Anorak News | Arianna Huffington Turns Green

Arianna Huffington Turns Green

by | 2nd, April 2009

ARIANNA Huffington, publisher of the Huffington Post is:

“Greening My House: Power Strips, White Light Lamps, Compost Jars, and Logs Made of Coffee Grounds”

Huffington “the Blackberry-toting, Bush-baiting Queen of the Blogosphere” is green? Huffington who took her surname from a marriage to Michael Huffington, the, er, oil billionaire?

It’s not too late. She tells us:

Yes, I had a pair of Priuses in the driveway (my girls call them “the Prii”), and the recycling bins are filled and dutifully rolled out the curb once a week — but I wanted a top to bottom assessment of things.

The pious Prius: Boost Your Carbon Emissons With Green Flex Fuel. Al Gore’s got one, too.

Among the changes we made:

— Replaced conventional light bulbs with energy efficient compact fluorescent bulbs, which use one-third the electricity and can last 10 times as long. As Matthew Morris from Deep Green pointed out, “If everyone in America replaced just one regular bulb with a CFL, it would be the equivalent of taking 1 million cars off the road.” And we replaced the floor lamps next to my desk and on our editors’ desks with lamps and CFL bulbs that throw off a cool white light as opposed to yellow, and reduce eye strain caused by prolonged reading and writing. At first, it was really strange, and I was ready to go back to my beloved yellow light. But I persevered — and now I love them.

Kristallnacht: Panic Buying As Last Lights Go Out In Britian

— Installed power strips in the office and kitchen. Many appliances, including TVs, computers, and phone chargers still use electricity even when not turned on. Indeed, 5 percent of the electricity used in America is drawn by appliances that aren’t powered up. For instance, the printer in my office uses 55 watts in standby mode, the copy machine uses 46 watts in standby, and the fax machine uses 10 watts in standby. Leaving these machines on overnight and when they are not in regular use can waste over 700 kilowatt hours a year (which is more than the average California household uses in a month). The easiest way to avoid this is to plug these appliances into a power strip that can quickly be turned off at the end of the day and back on in the morning.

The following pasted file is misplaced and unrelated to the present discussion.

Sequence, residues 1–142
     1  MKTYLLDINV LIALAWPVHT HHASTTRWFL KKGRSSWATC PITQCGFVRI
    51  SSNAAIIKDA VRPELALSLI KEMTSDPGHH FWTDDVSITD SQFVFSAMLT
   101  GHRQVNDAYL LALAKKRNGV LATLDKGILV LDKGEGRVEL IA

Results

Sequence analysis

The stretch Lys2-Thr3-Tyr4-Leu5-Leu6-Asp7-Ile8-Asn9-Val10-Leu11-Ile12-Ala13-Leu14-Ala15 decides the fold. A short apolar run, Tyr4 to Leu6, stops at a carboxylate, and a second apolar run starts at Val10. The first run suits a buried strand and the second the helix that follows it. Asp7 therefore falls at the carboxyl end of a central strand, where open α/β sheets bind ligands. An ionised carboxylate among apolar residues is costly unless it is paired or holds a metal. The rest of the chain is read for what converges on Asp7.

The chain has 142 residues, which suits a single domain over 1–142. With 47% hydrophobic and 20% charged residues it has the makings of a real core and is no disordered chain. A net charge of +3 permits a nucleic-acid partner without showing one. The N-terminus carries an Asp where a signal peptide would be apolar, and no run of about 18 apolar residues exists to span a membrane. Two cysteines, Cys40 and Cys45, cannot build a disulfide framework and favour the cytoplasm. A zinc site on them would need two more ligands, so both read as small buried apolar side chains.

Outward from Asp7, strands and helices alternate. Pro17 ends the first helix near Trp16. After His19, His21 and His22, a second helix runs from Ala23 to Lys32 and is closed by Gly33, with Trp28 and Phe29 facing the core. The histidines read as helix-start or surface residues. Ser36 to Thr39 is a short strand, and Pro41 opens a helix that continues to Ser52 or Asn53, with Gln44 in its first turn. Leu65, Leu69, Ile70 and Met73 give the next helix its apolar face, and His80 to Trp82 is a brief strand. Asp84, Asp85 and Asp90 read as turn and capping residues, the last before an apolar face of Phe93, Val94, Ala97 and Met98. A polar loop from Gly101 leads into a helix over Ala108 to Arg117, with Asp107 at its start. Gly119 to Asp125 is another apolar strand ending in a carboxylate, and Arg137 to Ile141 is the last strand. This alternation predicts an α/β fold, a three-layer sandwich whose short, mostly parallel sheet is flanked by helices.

Best power down first, though.

— Installed digital thermostats. Heating and cooling, on average, accounts for half of our homes’ energy use. These thermostats allow us to consistently set the temperature at the most efficient levels (According to Deep Green Living: “for every degree you raise or lower the temperature for 8 hours, you’ll save one percent on your heating or cooling bill.”)

Keep the heating on, but a bit lower; keep the air-con on, but not too low.

— Replaced the wood-burning logs in my fireplace with logs made of compressed coffee grounds. You get warmth… and a contact caffeine buzz. (Okay, just kidding about the buzz, but the logs really do work.)

Coffee. Calculating Your Water Footprint.

— Started a composting jar in the kitchen. Making this change brought back many memories of my mother, who never liked to let anything go to waste. The uses she could find for a lemon rind!

— Made the switch from a conventional dry cleaner using the eco-unfriendly perc process to a green dry cleaning service that uses non-toxic alternatives.


The Deep Green team also reminded me and my family of some of the simple changes we can make in our daily habits that can have a big impact, including:

Being more aware of our water use by not leaving the water running when brushing our teeth or rinsing the dishes, taking shorter showers (that’s really a tough one for me), and making sure we only run the dishwasher and washing machines when they have full loads.

Making sure to keep our cars’ tires inflated to the right pressure (improves gas mileage by 3 percent) and that the air filters are clean (replacing a clogged air filter can improve mileage by as much as 10 percent).

And something really, really obvious — turning off the lights when we leave the room — which I now do much more frequently because I finally understand how significant the cumulative energy savings can be.

Well, if the woman who runs the biggest blog in the world – available via the power of electricity – can be green so can you…

Posted: 2nd, April 2009 | In: Reviews Comment | TrackBack | Permalink